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search neutrality

Contributor(s): Matthew Haughn

Search neutrality is the concept that the rules for net neutrality, as stated in the Open Internet Order of 2010, should be applied to search engines. An important goal of search neutrality efforts is to ensure that an engine's organic search results do not favor the company that owns the search engine or the company's partners.

When a search engine company's practices are anti-competitive, it potentially violates anti-trust laws that have been put in place to promote fair competition. Proponents of search neutrality are concerned that without oversight, large companies that provide consumers with organic search results are legally free to favor their own products and services and those of their business partners.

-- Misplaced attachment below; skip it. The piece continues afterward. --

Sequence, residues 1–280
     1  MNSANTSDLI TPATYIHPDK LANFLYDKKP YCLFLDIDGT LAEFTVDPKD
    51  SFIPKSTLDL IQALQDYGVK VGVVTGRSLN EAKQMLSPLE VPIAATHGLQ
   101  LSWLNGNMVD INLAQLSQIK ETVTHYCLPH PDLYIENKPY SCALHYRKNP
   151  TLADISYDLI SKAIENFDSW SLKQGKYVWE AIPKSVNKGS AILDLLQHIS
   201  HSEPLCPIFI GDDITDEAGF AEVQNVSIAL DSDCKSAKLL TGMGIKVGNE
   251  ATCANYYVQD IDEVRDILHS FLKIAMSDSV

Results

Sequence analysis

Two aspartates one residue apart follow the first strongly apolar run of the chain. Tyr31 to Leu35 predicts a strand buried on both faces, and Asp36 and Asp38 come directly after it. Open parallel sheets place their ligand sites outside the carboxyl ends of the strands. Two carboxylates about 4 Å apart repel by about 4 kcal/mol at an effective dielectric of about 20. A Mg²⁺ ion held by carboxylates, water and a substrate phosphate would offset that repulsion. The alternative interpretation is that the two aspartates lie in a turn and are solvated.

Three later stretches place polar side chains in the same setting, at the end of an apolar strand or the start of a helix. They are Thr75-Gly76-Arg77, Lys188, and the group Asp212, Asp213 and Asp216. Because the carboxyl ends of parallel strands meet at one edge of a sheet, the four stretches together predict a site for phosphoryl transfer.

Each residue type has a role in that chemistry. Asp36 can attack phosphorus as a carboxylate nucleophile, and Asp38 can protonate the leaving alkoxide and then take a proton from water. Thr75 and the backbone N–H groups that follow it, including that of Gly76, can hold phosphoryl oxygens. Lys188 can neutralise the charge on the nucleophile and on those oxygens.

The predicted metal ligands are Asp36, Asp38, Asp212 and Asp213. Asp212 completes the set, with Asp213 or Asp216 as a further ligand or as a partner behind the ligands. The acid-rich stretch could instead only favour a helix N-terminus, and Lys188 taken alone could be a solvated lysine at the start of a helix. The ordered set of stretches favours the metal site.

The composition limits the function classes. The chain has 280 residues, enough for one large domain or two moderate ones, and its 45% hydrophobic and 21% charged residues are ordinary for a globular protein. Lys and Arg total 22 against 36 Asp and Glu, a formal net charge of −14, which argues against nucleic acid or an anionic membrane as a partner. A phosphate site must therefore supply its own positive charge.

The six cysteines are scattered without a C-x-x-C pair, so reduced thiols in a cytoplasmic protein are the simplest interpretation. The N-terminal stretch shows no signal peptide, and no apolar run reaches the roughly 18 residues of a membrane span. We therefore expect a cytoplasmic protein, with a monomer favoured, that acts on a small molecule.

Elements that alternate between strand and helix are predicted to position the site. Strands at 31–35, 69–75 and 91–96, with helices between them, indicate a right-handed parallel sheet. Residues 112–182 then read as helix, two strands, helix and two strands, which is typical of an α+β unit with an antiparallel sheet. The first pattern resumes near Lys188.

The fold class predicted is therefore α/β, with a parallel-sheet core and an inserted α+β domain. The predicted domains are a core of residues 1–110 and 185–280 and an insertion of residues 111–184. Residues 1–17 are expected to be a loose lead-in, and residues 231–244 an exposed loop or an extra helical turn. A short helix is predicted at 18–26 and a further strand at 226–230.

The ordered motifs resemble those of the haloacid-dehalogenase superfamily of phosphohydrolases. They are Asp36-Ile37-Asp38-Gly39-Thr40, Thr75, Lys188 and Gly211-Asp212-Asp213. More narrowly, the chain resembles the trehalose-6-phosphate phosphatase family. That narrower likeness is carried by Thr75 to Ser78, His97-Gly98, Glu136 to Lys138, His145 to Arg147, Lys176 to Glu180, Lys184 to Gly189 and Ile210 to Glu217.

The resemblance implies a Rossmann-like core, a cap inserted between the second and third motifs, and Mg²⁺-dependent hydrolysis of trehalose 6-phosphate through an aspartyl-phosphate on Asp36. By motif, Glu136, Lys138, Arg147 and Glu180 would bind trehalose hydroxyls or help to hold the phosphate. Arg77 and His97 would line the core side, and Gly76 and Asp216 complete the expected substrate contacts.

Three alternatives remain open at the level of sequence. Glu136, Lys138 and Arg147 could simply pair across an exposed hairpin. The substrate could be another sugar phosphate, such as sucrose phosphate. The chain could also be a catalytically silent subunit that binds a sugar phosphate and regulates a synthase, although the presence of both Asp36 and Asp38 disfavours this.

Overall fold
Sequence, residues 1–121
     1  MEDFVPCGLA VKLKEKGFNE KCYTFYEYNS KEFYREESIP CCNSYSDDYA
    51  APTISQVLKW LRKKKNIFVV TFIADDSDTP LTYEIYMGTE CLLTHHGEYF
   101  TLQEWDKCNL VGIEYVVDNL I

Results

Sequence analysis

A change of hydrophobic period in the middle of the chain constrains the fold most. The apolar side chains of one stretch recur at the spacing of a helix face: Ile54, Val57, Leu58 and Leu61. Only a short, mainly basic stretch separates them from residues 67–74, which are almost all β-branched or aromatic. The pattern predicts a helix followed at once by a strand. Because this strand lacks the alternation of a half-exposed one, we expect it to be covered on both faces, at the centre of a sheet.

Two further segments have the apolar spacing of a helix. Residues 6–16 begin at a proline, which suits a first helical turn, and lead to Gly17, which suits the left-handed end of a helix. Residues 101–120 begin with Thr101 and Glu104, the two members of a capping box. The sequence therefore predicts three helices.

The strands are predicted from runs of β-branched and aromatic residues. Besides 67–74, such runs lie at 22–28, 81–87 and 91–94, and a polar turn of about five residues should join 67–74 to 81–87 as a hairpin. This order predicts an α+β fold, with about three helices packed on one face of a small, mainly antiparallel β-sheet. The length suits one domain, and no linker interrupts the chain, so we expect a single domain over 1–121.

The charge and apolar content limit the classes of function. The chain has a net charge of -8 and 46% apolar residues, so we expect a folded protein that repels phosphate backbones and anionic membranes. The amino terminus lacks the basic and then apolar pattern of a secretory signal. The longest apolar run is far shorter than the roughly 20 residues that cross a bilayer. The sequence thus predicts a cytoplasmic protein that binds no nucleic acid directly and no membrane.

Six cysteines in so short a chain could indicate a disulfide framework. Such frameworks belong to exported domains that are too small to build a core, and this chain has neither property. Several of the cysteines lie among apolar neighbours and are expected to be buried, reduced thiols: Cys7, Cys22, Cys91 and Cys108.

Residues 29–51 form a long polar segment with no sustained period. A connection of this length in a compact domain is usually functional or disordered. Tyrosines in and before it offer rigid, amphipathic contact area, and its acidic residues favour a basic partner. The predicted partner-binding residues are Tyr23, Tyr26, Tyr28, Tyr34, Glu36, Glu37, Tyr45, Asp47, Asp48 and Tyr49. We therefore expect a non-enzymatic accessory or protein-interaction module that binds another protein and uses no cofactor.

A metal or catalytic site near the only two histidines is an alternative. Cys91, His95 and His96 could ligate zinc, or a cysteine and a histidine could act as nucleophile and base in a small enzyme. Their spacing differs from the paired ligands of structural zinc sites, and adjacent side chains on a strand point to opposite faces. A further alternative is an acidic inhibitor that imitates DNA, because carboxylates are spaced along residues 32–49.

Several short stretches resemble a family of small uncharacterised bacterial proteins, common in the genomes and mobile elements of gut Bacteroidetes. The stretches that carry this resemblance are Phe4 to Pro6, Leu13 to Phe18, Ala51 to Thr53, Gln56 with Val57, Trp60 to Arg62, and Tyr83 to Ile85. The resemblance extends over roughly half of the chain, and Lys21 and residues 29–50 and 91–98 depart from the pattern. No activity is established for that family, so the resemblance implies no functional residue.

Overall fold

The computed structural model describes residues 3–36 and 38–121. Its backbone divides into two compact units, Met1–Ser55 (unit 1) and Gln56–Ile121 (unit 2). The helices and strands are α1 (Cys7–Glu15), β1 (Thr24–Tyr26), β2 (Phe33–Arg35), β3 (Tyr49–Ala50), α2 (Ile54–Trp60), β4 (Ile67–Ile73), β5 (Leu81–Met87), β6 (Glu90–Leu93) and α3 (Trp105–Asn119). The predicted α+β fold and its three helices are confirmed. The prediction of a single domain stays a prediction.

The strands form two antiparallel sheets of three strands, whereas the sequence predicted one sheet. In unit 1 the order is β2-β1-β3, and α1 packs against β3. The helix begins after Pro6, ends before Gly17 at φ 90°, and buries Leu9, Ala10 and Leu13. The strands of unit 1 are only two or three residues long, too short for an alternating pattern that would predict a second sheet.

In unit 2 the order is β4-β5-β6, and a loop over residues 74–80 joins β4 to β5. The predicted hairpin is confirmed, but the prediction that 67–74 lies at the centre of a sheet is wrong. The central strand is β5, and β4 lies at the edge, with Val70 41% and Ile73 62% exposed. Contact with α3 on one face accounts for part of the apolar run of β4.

In 2012, the Federal Trade Commission (FTC) concluded that Google Inc. conducted business in ways that harmed internet users and prevented competition. In a settlement, Google agreed that online advertisers could manage ad campaigns on Google’s AdWords platform and on rival ad platforms simultaneously. Google also agreed to refrain from promoting its own and its partner offerings in vertical search results.

As of this writing, the European Commission (EC) has brought anti-trust charges against Google that allege the company is abusing its dominance in search to favor websites that use Google's own Ad Sense advertising business to place ads on web pages. The Commission is also investigating whether Google gives preference to its own products, including Google Search and Chrome, in its Android operating system.

This was last updated in April 2017

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